OPPO has become one of the leaders in the entry level smartphone market for good reasons.  They have managed to create highly functional phones at the extremely affordable price associated with entry-level smartphones.

Their new addition to this market segment, the A16s looks to be much more of the same and an expected bump up on the previous generation.


The OPPO A16s looks like many of their other entry-level smartphones and the specs are much of the same too. It houses a good-sized 6.52-inch 720P teardrop display with a screen ratio of 88.7%. Don’t expect high-end display performance here with a standard 60Hz refresh rate. Although the display is just 720P it is not noticeable most of the time and unless you go straight from a high-end display to this phone the difference will be barely noticeable.

Inside the phone sports 4GB of RAM and 64GB of onboard storage — not the highest amount but standard for this segment of the market. There is microSD support for those who need more than 64GB of storage. The 4GB of RAM dos make for a slower than normal experience but it is an entry-level device so to hit that price point something has to give.

The battery is a decent 5,000mAh which resulted in over a day’s usage, even with heavy usage. With such mediocre specs the battery life is always going to be extended, something which is evident here. Other notable specs include a 3.5mm headphone jack, NFC and USB-C charging.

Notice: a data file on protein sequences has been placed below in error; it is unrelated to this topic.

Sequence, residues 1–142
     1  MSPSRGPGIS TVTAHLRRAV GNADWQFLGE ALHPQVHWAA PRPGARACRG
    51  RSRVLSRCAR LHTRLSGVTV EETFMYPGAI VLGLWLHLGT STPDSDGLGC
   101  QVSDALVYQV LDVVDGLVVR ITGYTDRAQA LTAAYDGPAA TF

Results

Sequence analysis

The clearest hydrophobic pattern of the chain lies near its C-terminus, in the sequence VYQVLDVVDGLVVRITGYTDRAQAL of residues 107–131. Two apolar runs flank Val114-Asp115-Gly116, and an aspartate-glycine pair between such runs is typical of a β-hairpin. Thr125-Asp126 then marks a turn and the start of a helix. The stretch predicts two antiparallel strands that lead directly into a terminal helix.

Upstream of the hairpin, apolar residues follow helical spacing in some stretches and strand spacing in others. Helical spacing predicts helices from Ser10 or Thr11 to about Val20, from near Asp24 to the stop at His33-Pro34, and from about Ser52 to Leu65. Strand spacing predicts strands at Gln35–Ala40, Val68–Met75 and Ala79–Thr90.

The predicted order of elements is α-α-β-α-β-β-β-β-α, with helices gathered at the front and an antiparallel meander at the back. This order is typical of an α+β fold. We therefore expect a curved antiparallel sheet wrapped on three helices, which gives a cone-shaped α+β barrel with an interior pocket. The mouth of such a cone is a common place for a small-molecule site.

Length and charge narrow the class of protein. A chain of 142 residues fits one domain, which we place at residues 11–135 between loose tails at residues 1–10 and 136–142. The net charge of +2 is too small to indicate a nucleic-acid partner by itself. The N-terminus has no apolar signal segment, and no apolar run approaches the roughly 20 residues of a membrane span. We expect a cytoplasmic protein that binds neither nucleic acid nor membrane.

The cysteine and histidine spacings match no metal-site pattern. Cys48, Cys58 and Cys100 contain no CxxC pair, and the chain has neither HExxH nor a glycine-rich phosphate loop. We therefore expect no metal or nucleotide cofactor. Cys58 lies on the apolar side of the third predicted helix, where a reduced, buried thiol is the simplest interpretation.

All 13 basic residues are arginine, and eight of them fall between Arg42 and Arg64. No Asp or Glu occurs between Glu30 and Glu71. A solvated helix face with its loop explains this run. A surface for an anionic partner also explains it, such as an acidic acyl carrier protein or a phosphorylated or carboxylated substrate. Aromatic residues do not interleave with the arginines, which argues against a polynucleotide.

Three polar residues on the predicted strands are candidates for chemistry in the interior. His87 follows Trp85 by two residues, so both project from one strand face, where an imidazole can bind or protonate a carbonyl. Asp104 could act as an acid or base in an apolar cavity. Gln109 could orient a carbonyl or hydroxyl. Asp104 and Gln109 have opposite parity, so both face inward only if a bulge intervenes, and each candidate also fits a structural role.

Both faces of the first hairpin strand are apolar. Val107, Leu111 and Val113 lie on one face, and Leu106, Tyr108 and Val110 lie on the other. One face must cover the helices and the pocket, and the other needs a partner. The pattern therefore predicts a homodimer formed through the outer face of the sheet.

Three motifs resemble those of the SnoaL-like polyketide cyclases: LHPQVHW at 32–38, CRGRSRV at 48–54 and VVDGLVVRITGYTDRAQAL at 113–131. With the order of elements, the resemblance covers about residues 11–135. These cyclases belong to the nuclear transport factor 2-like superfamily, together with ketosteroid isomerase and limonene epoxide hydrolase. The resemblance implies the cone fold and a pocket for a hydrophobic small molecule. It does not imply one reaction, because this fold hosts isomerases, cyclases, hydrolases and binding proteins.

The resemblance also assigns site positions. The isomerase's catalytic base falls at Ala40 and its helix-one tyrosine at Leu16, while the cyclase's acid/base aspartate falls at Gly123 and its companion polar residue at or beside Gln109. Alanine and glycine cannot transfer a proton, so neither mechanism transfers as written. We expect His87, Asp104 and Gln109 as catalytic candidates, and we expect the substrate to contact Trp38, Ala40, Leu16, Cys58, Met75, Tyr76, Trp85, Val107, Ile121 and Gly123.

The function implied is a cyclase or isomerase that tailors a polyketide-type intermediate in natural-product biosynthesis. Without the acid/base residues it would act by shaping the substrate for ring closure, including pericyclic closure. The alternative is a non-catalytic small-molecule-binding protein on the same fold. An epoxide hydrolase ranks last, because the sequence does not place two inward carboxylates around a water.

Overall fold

This is not a flagship device so you should not expect flagship performance.  There is a bit of sluggishness associated with the UX on the A16s but that fraction of a second longer that apps take to open or transitions take to occur is not all that bad – especially if you are not coming nor used to using a flagship smartphone.

The side-mounted fingerprint sensor was surprisingly fast and accurate – much more accurate than the in-display one on the Google Pixel 6 (but there is an “update coming soon” to fix that).  No updates required to have the phone perform as it should right out of the box.

Games were certainly acceptable but expect some slowness in faster, more graphics-intensive games such as Asphalt etc.  I was able to play various Galaga games (always a favourite for an old-timer like myself) without any issues at all.  Even though the specs on the A16s are limited OPPO has done a great job optimising them for gaming when required.  To do this they have their Game Assistant/Game Space to help change your phone’s settings and make all the grunt underneath the hood available for gameplay.

In the end though, let’s face it, it’s an entry-level smart phone so we should not expect it to do much – in saying that the A16s outperformed my expectations for the phone with everyday operation not missing a single beat, plodding along through various functions I wanted it to perform.


The rear camera is a triple rear camera setup, albeit a lower-end one. The main camera is a 13MP camera and is joined by a 2MP depth camera and a 2MP macro camera. The depth camera is decent and does add to the portrait images taken — handy when there is less power to run a high-end AI algorithm. Portrait images were ok for human subjects but anything else it struggled — check out the LeBron Funko POP! below. The selfie camera is an 8MP camera and is good enough.